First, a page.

In this series of features, to appear on BigHospitality this month, our sister publication Restaurant magazine aims to reclaim the term and restore its meaning.
The term gastropub is a contentious little blighter. For some it’s a great, simple mechanism that instantly informs the public that their establishment places decent emphasis on food as well as drink, while for others its ubiquity and over-use creates a gagging reaction akin to downing a pint of sea water.
It’s a harmless, useful descriptor – along with the likes of ‘fast casual’ and ‘fine dining’ – that hints at the style of a place without the need for verbose classification, say its fans, while detractors regard it as a meaningless, catch-all phrase now adopted by anyone serving (hand cut) sandwiches upwards.
The launch of The Eagle in Clerkenwell, central London, in the early ‘90s led to the coining of the term, but immediately the neologism was co-opted by major pub companies, turned into a stylistic template (pork belly, squishy sofas, Sunday papers) and stripped of any meaning.
When Ribble Valley Inns opened The Three Fishes in 2004 it was “adamant we wouldn’t call it a gastropub”, says owner Craig Bancroft. “There were many ‘gastropubs’ that weren’t gastronomic.”
Yet, as much as it is derided as outdated or pretentious, the term is still widely used. And it is still useful, argues Metro’s London restaurant critic Marina O’Loughlin, who isn’t sniffy about it. “It’s as good a descriptor as any,” she reasons. “I wouldn’t go to a [ordinary] pub for dinner, so the ‘gastro’comes in handy, and any savvy diner should be able to sort the wheat from the chaff.”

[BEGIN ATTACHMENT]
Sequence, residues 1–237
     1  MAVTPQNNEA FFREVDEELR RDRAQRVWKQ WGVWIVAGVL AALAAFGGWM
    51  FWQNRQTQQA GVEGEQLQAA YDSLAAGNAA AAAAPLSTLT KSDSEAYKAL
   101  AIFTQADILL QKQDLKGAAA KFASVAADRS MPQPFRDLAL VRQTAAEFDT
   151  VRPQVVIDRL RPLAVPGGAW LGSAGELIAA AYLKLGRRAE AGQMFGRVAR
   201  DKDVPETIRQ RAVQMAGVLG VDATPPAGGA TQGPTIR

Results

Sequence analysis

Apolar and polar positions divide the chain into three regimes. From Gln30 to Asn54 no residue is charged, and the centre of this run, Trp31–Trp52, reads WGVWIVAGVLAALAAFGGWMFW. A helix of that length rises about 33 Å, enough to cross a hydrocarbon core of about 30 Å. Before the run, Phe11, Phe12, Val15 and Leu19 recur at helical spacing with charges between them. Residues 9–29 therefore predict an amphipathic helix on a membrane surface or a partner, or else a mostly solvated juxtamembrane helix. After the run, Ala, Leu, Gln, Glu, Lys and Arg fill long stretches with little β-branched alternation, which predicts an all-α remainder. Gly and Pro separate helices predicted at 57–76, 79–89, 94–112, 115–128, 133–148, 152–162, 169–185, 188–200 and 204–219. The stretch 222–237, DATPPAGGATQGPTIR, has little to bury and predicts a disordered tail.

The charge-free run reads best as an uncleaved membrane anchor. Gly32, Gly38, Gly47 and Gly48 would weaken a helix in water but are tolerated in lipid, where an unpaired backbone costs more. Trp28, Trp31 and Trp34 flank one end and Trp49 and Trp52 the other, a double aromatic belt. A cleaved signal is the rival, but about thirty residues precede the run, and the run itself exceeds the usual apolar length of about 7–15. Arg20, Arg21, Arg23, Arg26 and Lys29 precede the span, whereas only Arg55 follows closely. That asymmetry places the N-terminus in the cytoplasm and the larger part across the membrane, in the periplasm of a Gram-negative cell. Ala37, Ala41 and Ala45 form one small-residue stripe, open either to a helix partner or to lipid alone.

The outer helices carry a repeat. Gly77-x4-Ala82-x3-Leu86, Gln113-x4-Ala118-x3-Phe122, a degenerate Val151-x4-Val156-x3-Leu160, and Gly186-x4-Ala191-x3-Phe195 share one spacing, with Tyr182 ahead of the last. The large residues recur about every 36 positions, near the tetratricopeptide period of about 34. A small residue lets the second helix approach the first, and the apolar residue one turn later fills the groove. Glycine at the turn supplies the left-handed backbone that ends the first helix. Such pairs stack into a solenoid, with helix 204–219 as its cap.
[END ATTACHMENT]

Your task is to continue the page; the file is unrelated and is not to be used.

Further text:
Yet this distinction has become blurry. While the gastropub moniker points a diner in the direction of a food-led pub rather than a boozer, it gives little indication of the style of food, service or price.
A Michelin-starred pub such as The Harwood Arms in Fulham, west London, inevitably offers a different experience to one part of a group; how each is received depends on whether the diner was expecting a style – and price – more in tune with the former or the latter.
How a pub describes itself is much more than guiding prospective customers. To market your business, recruit and train staff and realise your offer effectively – in everything from décor to the menu – you must define what you’re trying to do.
With so many different styles of cooking it is vital pubs know where they fit in and how to communicate it to customers. If you don’t know what you are, or want to be, your customers won’t either, which could lead to you underselling yourself or, worse, over-promising on what you can deliver.
Restaurant says enough is enough. What was once a pithy term to identify a great food pub is today used to distinguish practically any hostelry from a wet-led boozer, which doesn’t help anyone.
The magazine has redefined the market the way it sees it today, narrowing the sector down to four categories.
Find out where your pub fits in by returning to the site over the next four weeks as we reveal the definitions one by one.